Most helpful positive review
63 of 67 people found the following review helpful
An excellent supplement for cognitive and memory enhancement
on November 22, 2013
This product is a nootropic, that is, it helps with cognitive and memory functions. Each capsule contains 300 mg of alpha-GPC and 100 mg of phosphatidylserine (PS). The manufacturer recommends two capsules a day before 4 p.m.; that's pretty standard for all alpha-GPC products, and over the last four years I've tried most of the major ones. The manufacturer also says you might be able to go up to six capsules a day; that's on the high side although I've seen (and tried) recommendations to use four per day for the first month.
I started buying this formulation from Amazon on a subscription basis because that's the most economical way for me to get alpha-GPC, which is pretty generic. Does this particular formulation work? To cut to the chase, yes. Explaining how it works and what more you might do requires much more explanation, though.
Alpha-GPC is the real thing in that it definitely boosts those parts of the brain involving memory and cognition although you are most likely to notice the effects during activities like mindfulness meditation or intense focus on work tasks. On the bottle, Doctor's Best also claims that their product may help with stress and facilitate "growth factor action"; these are dubious claims that unnecessarily gild the lily (and also ignore that fact that too much alpha-GPC may make stress worse).
I tend to classify my experience in the following way when it comes to nootropics:
1. Acetylcholine (ACh) enhancers. Doctor's Best Natural Brain Enhancers, and Alpha-GPC in general, falls into this class of nootropics. ACh is a key neurotransmitter that can facilitate both memory and cognition. Alpha-GPC gives a sharp boost to ACh, much more than something like choline bitarate. Much of the research into palliatives for dementia and Alzheimer's focus on this line of inquiry. I settled long ago on a strategy that uses anti-cholinesterase agents to maintain ACh levels combined with choline-related supplements to also boost those levels. Combining Huperzine-A and alpha-GPC (or Doctor's Best) is one example of such a combination. Donepezil is an effective substitute for Huperzine but available only by prescription.
2. Hippocampal supplements. Magnesium l-threonate may (according to research) help significantly with the long-term memory functions of the hippocampus. I've used it but find it still pretty pricey. Zinc might also help here but can rapidly cause cramping if you aren't careful.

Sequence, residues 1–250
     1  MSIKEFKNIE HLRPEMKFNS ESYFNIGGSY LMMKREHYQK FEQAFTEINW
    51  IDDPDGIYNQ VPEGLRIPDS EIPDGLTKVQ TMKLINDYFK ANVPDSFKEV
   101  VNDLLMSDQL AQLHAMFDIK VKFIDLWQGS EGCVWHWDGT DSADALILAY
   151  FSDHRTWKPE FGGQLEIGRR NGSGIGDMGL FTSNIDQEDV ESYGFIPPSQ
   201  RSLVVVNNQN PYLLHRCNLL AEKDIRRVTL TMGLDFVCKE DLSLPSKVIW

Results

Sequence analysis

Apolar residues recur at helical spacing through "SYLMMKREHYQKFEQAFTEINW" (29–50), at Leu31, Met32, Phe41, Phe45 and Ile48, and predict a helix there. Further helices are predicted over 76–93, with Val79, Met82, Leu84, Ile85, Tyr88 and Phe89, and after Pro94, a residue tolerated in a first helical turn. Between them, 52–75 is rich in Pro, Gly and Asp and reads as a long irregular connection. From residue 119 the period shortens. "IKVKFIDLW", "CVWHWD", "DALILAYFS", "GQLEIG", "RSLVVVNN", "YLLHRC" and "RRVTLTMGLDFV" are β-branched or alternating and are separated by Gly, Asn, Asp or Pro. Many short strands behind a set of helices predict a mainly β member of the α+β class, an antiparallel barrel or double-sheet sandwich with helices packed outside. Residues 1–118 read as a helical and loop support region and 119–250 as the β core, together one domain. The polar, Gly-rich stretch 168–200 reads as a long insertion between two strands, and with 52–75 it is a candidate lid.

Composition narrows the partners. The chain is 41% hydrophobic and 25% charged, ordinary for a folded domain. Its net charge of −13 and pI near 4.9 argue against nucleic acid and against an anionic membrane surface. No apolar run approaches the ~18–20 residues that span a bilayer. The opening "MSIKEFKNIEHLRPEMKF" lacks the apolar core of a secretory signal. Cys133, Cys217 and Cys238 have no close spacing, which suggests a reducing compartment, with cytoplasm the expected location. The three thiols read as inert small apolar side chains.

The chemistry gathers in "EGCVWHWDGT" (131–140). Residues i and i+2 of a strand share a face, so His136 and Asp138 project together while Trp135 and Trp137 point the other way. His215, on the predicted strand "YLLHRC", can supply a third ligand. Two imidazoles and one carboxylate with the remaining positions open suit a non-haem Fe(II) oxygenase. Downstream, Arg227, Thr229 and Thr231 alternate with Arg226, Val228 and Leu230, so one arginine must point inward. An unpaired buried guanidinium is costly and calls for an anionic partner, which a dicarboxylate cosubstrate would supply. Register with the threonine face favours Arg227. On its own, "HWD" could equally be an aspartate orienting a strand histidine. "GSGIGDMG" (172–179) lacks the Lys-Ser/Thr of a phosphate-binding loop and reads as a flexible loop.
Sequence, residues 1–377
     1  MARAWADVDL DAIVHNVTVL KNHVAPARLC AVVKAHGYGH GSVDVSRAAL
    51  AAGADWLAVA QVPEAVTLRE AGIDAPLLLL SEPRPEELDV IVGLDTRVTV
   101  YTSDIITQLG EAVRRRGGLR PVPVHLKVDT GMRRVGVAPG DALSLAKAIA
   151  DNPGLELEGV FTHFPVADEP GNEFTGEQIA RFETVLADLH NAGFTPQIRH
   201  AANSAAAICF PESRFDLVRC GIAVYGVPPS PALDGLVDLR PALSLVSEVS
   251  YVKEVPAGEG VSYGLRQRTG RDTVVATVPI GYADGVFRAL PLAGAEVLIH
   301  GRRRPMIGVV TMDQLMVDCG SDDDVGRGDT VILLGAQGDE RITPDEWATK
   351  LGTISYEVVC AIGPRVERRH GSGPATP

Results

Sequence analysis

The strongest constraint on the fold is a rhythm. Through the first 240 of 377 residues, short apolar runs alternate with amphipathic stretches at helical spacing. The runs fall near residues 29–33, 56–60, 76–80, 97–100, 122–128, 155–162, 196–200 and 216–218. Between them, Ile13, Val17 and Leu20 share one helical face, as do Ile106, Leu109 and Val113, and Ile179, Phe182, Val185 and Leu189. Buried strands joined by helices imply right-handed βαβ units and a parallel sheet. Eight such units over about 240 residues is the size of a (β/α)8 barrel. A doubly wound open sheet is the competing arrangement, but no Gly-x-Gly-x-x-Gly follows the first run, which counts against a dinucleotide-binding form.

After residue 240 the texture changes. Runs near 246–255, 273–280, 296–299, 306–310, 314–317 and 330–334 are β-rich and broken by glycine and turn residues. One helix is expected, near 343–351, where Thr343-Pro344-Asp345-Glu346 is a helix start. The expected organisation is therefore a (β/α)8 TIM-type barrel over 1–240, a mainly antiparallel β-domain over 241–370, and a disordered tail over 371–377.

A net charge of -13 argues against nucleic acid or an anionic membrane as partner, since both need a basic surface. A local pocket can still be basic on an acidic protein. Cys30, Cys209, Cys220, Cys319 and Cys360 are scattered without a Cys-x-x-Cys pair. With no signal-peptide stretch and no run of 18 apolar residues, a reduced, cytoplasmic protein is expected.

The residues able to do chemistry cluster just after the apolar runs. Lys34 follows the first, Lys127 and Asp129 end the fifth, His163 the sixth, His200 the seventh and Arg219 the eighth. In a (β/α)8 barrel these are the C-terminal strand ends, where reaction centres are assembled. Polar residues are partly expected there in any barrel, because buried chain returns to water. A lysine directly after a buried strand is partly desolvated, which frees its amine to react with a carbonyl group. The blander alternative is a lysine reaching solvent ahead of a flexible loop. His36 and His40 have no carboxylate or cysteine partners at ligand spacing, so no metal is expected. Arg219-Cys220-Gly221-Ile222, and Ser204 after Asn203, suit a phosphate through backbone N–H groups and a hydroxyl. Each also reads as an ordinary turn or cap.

3. Vasodillators. Some vasodillators that act on the brain are showing a lot of promise as well with memory and cognition, and they have the virtue of complementing rather than conflicting with the ACh enhancers. A good example of a vasodillator is vinpocetane although use early in the day may cause nausea. Ginkgo biloba is purportedly helpful in this respect, but the research evidence is mixed.
Amazon carries products in all of these classes, and if you're serious about cognitive and memory enhancement, you might find it worthwhile to try products in each class (many of which are available by subscription).
As an aside to my above points, I should explain that I don't really care about the PS in the Doctor's Best formulation and doubt that it has much value (for me, anyway). The FDA has reviewed the available research and concluded that there is no scientific basis to believe that PS helps with cognition and memory for the general population (although it may have more specialized uses in sports nutrition and with ADHD). I agree with the FDA.
Both memory and cognition benefit the most from these supplements when we're taking steps to exercise both. The brain is similar to a muscle in that respect. You wouldn't expect to become a great runner watching daytime TV. And your cognitive and memory functions aren't going to benefit much from that either.
Which brain exercises work the best is very individual. For my part, I complement my use of nootropics with meditative exercises based loosely on Buddhist practices. I also use psychoacoustic soundtracks in the gamma and theta ranges. More recently I've begun experimenting with the MindPlace Procyon mind machine.
One warning with nootropics, at least those involving ACh: they can lead to agitation, irritability, and insomnia if you overuse them or take them late in the day. Diphenhydramine (Benadryl) will counteract this up to a point, since it has anti-cholinergic properties. Ultimately, though, you may just have to wait it out.